A person who is disinherited is typically either an heir who would naturally expect to inherit money but was left out of the will or another person — even if not related to the individual who passed away — who was named in a prior will and then removed from the most current will. For instance, a person could initially put a close family friend in the will, lose touch with them over the years, and then remove them from the next will. In other cases, people cut out one child while leaving everything to other children.
So, do people who get disinherited need to get a copy of the deceased’s will? After all, a “will reading” generally does not happen these days. Written copies are simply distributed to the beneficiaries.
Technically speaking, there is no legal mandate saying that an individual who is no longer named in someone’s will has to get a copy of that will. They have nothing to gain. They are unrelated to the legal process in that sense.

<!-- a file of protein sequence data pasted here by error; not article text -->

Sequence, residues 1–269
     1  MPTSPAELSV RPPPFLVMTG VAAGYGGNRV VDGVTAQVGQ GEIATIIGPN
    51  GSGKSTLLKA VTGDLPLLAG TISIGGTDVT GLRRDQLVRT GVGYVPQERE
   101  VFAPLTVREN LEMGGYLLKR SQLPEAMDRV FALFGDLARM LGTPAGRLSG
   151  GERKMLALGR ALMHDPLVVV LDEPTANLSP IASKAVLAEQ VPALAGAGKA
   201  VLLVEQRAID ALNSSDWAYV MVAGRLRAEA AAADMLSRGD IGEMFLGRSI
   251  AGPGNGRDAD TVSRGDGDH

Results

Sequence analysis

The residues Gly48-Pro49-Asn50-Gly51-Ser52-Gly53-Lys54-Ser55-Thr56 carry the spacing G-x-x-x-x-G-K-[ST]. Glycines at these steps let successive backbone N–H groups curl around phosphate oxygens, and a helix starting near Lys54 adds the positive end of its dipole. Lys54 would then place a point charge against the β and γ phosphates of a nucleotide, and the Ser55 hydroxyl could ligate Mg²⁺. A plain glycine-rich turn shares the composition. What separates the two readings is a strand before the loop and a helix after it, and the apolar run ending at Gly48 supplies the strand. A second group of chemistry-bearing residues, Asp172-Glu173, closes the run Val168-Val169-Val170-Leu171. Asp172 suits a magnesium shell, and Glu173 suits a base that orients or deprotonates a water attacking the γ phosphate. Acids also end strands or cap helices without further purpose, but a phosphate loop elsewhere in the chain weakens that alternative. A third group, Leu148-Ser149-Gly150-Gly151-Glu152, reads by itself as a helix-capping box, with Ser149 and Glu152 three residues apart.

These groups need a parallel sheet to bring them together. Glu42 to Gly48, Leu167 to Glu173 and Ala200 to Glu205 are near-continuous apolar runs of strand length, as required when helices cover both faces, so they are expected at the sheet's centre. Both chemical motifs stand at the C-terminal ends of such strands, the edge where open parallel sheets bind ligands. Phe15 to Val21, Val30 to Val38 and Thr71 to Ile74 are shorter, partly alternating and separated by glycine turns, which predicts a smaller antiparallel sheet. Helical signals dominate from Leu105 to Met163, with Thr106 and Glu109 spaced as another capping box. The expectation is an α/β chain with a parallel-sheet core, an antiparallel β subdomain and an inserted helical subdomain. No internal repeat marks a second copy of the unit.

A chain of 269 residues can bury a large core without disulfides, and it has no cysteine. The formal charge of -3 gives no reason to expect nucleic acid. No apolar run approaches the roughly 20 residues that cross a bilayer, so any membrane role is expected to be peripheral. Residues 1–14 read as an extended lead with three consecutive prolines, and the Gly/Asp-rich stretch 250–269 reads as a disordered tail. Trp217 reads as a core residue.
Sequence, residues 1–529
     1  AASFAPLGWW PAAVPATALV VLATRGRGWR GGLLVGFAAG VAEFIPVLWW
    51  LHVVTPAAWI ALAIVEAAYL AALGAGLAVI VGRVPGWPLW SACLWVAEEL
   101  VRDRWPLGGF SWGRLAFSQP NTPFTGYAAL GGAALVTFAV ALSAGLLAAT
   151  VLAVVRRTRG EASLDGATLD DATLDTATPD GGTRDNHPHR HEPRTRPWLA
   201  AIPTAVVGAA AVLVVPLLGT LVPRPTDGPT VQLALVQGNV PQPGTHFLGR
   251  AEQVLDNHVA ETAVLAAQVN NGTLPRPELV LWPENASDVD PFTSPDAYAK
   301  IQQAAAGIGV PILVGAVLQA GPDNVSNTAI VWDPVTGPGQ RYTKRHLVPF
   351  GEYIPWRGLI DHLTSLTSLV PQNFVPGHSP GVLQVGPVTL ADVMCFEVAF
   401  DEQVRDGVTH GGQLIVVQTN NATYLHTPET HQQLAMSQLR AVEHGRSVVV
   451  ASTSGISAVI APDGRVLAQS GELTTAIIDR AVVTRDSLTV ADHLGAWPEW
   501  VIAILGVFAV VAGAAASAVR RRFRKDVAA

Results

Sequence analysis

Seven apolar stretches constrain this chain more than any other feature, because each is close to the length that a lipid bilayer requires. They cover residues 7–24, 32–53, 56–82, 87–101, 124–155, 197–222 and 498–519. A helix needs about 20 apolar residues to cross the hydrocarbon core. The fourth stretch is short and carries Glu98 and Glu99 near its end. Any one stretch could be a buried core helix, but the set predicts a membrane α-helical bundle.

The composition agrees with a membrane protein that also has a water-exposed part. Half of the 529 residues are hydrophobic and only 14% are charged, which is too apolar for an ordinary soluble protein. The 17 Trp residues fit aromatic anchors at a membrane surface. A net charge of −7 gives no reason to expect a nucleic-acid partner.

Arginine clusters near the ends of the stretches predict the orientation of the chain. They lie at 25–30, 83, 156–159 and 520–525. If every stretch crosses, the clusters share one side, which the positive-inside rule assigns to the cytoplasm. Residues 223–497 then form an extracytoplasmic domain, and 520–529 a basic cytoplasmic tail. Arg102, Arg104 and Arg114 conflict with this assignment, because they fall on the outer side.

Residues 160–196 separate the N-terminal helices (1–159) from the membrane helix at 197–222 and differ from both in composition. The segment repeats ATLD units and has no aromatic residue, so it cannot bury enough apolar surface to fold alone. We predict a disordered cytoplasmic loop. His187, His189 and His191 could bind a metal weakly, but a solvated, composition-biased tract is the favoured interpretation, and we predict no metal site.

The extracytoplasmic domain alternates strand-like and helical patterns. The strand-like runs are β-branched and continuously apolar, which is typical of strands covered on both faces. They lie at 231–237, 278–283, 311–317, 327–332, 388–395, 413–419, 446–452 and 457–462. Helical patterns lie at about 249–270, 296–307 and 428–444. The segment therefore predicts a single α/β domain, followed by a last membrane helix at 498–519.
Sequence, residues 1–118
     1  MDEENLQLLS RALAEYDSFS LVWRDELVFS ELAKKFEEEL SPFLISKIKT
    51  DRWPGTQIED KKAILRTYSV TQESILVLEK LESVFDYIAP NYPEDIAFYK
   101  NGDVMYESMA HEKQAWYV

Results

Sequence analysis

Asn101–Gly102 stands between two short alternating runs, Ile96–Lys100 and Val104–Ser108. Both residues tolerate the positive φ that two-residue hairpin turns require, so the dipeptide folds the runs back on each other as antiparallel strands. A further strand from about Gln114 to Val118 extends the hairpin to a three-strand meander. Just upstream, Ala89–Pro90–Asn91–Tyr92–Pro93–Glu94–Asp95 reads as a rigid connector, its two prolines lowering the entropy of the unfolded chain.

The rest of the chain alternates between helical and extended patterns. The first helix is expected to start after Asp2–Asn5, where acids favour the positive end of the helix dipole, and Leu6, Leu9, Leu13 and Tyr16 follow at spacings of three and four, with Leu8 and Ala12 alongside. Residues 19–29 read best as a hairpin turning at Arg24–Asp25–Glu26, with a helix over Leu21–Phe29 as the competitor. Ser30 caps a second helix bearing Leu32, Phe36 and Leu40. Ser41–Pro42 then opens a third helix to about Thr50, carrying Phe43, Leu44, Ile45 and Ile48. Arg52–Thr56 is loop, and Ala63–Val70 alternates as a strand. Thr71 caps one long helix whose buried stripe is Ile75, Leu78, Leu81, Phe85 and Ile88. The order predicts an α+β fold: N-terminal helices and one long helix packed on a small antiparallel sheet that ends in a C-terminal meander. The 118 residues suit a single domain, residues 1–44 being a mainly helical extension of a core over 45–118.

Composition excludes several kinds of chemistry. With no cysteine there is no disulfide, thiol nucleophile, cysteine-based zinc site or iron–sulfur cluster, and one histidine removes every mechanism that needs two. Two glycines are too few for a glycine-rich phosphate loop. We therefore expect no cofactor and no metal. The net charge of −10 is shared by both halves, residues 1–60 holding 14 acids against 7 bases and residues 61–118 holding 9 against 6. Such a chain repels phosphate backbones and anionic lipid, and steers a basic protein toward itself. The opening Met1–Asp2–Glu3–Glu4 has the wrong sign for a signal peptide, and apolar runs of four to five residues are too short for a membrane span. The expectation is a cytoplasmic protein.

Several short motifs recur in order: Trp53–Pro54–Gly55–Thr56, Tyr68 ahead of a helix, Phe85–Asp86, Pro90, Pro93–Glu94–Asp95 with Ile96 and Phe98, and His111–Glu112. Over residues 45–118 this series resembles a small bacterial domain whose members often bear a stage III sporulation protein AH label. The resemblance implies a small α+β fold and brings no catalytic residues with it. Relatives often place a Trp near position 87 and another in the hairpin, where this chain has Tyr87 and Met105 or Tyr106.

However, a person who has been disinherited may want to contest a will. They have a legal right to do so. They only have so long to start that lawsuit. This time period begins when they get their copy. For this reason, they will sometimes be provided with a copy quickly so that they have to decide whether to challenge the will or not. This makes things easier than distributing the assets and then learning about the challenge at a later date.
Not everyone who gets disinherited has the grounds to win such a challenge, but it is important for all parties to understand exactly how the process works.